Getting a Head Start: Pilgrims Hajj Bound, Younger
It was a no-brainer for Salma, 26 and Safi Aslam, 29 from Oak Park, Illinois, to go for Hajj in 2011, just two years after they got married. Like many their age, it was the influence of the increasing number of programs and young scholars giving classes in metropolitan Chicago that motivated them to make the journey of a lifetime.
“And proclaim to the people the Hajj; they will come to you on foot and on every lean camel; they will come from every distant pass.” (Quran – 22:27)
“You just don’t know what the future holds,” Salma Aslam said. “An early Hajj allows you to have the opportunity to refocus your goals and bring back barakah (blessings) for your family. It is also easier to change a bad habit such as backbiting, missing or delaying prayers when you are younger.”
Thanks to the social media eruption, even those that don’t have Hajj on their radar can feel their hearts soften as photos at the Kabah pop up in their newsfeed. Photos of friends praying in the Prophet’s Mosque in Medina, and the halo of serenity around them, can make even the busiest people yearn to go.
Sayeed Shariff is an organizer with Sacred Hajj, based in Chicago. For the past ten years or so, he too has noticed that the Hajj-bound are younger than what was once the norm. He feels the cultural notions behind going for Hajj when you have fulfilled all your worldly responsibilities, such as getting the children educated and married, has changed. With so many young deaths and disease, everyone realizes that there is no guarantee that they will be physically able or even around to do the Hajj when they are older. Close to 80 percent of his group consists of second or third generation Muslim Americans in the 25-35 year age group.
“I think youth today are more in tune with local scholars and are connected with the mosques,” Shariff said. “Many younger professionals are going for Hajj as soon as they have saved the money. Young scholars that lead Hajj groups make it easier for everyone to relate.”
Hardly anyone in Shariff’s group had brought children along, so that they could focus exclusively on worship during the limited time they had there.
“That may be another reason why the Hajj packages from North America are shorter; 14-18 days as compared to 40 days from India or Pakistan,” Shariff said. “Many Hajjis (pilgrims) leave their kids with parents or siblings and therefore want to complete their obligation and come back home as soon as possible.”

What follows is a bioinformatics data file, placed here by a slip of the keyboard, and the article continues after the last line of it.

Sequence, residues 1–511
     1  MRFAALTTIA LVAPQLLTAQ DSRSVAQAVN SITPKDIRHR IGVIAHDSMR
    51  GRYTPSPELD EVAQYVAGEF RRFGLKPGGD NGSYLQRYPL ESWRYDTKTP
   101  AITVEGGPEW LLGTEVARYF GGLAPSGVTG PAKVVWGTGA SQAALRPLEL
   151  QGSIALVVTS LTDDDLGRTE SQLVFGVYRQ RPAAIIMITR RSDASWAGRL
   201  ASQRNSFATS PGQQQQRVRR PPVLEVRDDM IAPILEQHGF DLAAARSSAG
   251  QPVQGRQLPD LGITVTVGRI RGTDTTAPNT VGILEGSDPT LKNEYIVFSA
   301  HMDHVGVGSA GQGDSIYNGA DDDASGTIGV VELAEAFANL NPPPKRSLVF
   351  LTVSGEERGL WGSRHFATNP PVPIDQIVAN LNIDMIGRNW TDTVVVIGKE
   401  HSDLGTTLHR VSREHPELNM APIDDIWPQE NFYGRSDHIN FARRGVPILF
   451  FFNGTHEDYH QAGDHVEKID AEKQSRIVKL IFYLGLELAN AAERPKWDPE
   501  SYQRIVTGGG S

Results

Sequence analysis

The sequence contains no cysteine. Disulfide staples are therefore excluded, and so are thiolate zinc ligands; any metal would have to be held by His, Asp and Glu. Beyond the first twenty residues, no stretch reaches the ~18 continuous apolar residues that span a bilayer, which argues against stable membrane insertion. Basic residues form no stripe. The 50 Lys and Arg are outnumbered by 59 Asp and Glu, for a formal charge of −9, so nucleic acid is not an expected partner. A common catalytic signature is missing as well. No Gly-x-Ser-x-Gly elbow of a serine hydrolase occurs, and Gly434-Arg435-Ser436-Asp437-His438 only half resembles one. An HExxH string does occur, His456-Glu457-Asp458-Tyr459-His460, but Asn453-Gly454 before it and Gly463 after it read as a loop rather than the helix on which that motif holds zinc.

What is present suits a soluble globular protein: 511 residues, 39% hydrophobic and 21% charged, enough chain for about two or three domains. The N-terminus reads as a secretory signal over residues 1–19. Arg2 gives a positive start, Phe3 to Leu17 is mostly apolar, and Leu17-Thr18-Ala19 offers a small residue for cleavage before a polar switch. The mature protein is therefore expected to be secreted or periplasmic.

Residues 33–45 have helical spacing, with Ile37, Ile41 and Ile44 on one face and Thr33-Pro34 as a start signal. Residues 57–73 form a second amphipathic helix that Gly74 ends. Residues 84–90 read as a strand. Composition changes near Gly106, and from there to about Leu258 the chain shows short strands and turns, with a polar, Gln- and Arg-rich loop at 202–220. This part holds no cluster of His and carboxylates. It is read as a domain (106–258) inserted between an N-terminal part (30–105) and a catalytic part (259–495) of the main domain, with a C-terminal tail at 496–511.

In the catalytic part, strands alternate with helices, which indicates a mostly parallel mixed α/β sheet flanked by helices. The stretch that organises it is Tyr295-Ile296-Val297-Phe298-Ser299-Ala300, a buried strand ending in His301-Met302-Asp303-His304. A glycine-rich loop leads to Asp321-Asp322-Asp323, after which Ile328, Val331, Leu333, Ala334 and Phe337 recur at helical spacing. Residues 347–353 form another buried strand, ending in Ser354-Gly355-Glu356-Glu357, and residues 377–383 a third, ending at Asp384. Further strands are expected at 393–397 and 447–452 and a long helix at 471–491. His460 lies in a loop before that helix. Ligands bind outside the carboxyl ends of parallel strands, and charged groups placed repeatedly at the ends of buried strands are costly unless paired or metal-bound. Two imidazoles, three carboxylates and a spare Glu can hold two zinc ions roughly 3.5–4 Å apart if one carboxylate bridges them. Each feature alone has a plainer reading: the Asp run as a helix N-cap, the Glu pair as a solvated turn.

Despite this growing trend in North America, globally a majority of devoted Muslims make their first Hajj when they are much older. Rahila Aslam, 65, of Fort Worth, Texas went for her first Hajj in 2010, once all four of her children were married. She is grateful for the opportunity to have completed this obligation, but says that if she had to do it over, she would have gone when she was younger.
Even though you do not have as many worldly distractions and young kids to worry about later in life, the health and strength implications outweigh these benefits.
Even though their daughter accompanied them for the Hajj, walking briskly between the hills of Safa and Marwah for instance was not as easy as it would have been thirty years earlier. She would love to go for Umrah, the lesser pilgrimage, in an off-peak season so that she can get closer to the Kabah and not be so overwhelmed by the crowds.
“As you age, you are prone to more illness, heart issues and brittle bones and that can complicate things when you are exerting yourself in a foreign land,” Aslam said. “For instance, I really wanted to pray at the Station of Ibrahim and get close to the Kabah, but since I had double knee surgery, I didn’t even dare get close in case I fell and was not able to get up.”
About the Writer: Kiran Ansari is a Chicago-based writer and editor with more than 12 years of experience and bylines in more than 30 publications. She can be reached via LinkedIn and at Kiran@kiranansari.com.